Emergent Design and Evolutionary Architecture in SydneyPosted on February 23rd, 2010 by Kim Lerchbacher – 3 Comments
Fuelled by Stephen’s glowing recommendation of the Thoughtworks presentation “Emergent Design & Evolutionary Architecture”, I went along to Neal Ford’s repeat performance in Sydney this morning.
The talk presented some very sensible sounding ideas on software “design”, and few more on “architecture”. Stephen has covered some points that stood out for him in his post, and here are a couple more that I consider worthy of mention or additional comment.
Software is not a Bridge
Ford articulated a few points in Jack Reeves’ article “What Is Software Design?” (which I haven’t yet read in full) that apply as much today as they did 8 years ago.
- The final goal of any engineering is some kind of documentation (the “design”) - once the documentation is done it is passed on to manufacturing to be built
- In software engineering the design document is the source code, and the manufacturing process is linking and compiling
- Software is expensive to design, and essentially free to build (manufacture)
- Therefore the cheapest way to verify the design is to build and test (this of course does not work so well for bridges)
Stephen has already mentioned that “requirements gathering is a lossy compression algorithm”. You start with an idea about what you want/need, it is compressed into requirements (and information is lost in the process), then the requirements are “re-hydrated” back into code (in which the developers must try and fill in the gaps in the requirements to recreate something like the original idea).
Conclusion: Get from the idea to the code as directly as possible, then build and test. Emergent design and evolutionary architecture (and Agile principles/practices in general) are ways to do this better.
When you start designing software, there are unknown unknowns which make it difficult (if not impossible) to design a perfect solution upfront. Emergent design is “doing enough design to get by until you work out what you didn’t know when you started”.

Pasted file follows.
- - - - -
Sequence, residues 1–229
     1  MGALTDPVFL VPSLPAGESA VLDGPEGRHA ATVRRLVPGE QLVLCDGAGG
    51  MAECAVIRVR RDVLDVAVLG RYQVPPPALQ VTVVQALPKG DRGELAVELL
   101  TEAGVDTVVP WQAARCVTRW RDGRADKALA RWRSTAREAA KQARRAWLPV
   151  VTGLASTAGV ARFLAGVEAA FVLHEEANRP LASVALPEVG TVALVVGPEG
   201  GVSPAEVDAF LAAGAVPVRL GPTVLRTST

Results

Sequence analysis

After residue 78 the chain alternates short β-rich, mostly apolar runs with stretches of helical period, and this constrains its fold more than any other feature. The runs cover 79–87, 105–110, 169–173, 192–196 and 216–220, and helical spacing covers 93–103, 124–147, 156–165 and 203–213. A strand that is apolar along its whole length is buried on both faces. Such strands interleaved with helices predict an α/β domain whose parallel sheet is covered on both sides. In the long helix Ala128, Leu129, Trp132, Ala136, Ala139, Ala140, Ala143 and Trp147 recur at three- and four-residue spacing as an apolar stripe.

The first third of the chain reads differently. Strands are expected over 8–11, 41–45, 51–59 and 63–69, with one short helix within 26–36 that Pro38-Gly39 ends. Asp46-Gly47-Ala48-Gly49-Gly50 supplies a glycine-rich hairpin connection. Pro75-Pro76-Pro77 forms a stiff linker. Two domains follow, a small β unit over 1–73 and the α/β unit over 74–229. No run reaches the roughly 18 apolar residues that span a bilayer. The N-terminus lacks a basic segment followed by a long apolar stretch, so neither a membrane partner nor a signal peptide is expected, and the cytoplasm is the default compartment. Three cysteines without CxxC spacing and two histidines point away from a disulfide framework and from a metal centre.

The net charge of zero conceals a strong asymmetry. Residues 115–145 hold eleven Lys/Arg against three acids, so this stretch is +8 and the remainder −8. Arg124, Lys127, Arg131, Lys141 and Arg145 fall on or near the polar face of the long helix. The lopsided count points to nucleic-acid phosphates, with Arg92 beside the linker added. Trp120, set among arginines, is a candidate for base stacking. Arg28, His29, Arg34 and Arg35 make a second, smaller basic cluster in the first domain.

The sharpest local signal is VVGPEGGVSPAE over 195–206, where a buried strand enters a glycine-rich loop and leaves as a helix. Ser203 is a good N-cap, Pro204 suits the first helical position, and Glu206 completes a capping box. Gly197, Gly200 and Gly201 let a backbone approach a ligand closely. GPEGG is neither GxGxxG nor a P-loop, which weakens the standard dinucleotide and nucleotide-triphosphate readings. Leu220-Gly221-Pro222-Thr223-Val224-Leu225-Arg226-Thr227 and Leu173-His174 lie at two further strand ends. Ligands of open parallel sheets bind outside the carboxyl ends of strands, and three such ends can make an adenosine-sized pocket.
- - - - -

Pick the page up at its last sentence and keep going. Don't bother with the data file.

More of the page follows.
Abstracting too early is just speculation without facts. Emergent design is about “effective” abstraction - discovering abstractions and idiomatic patterns in your code that work, and reusing them. Idiomatic patterns are not the Gang of Four design patterns, but are ways of solving problems that work well for the problem or enterprise in question (and therefore should be abstracted for reuse).
Ford posed the question - “how do you know when to abstract?”. And the answer - “experience”. An experienced architect is someone who has seen enough to know what’s good/bad. It is difficult for someone to explain exactly how to do this because the knowledge and understanding required to do it is innate.
There were additional points here about technical debt and complexity (which Stephen has covered), TDD, refactoring and code metrics (most of which we have already found from other sources).
Ford explained that architecture must “evolve” (rather than “emerge”) because it has to be there from the beginning.
I personally have never been clear on the difference between design and architecture (which would be required to understand the need for the different verbs). Ford offered a few definitions pulled from the article “Who needs an architect” by Martin Fowler, ending with the chosen definition - “stuff that’s hard to change later”. I haven’t been able to work out what “evolutionary” architecture is (yet) to a degree that would make this information useful, but there is a technical explanation in this IBM article.
Build vs Buy
The key point is that software that meets a strategic need should be built. If the software will perform a commoditisable business process (aka. overhead), then you can consider buying. Software should only be bought if it is useful to the business straight away (without requiring customisations which can take a significant amount of time), and if it is extensible (as opposed to merely customisable).
For us, this means we might consider buying our Customer Relationship Management system, but if (hypothetically) we wanted to make our licensing system a strategic point of differentiation, then we would need to build it.
Emergent design and evolutionary architecture is all about delaying decisions until the last responsible moment, to minimise unnecessary complexity, to give your software projects the best chance of success.
The presentation had a few nice lessons, but it was just an overview of the subject - there is much more detailed and practical information on “doing” emergent design in the IBM technical library.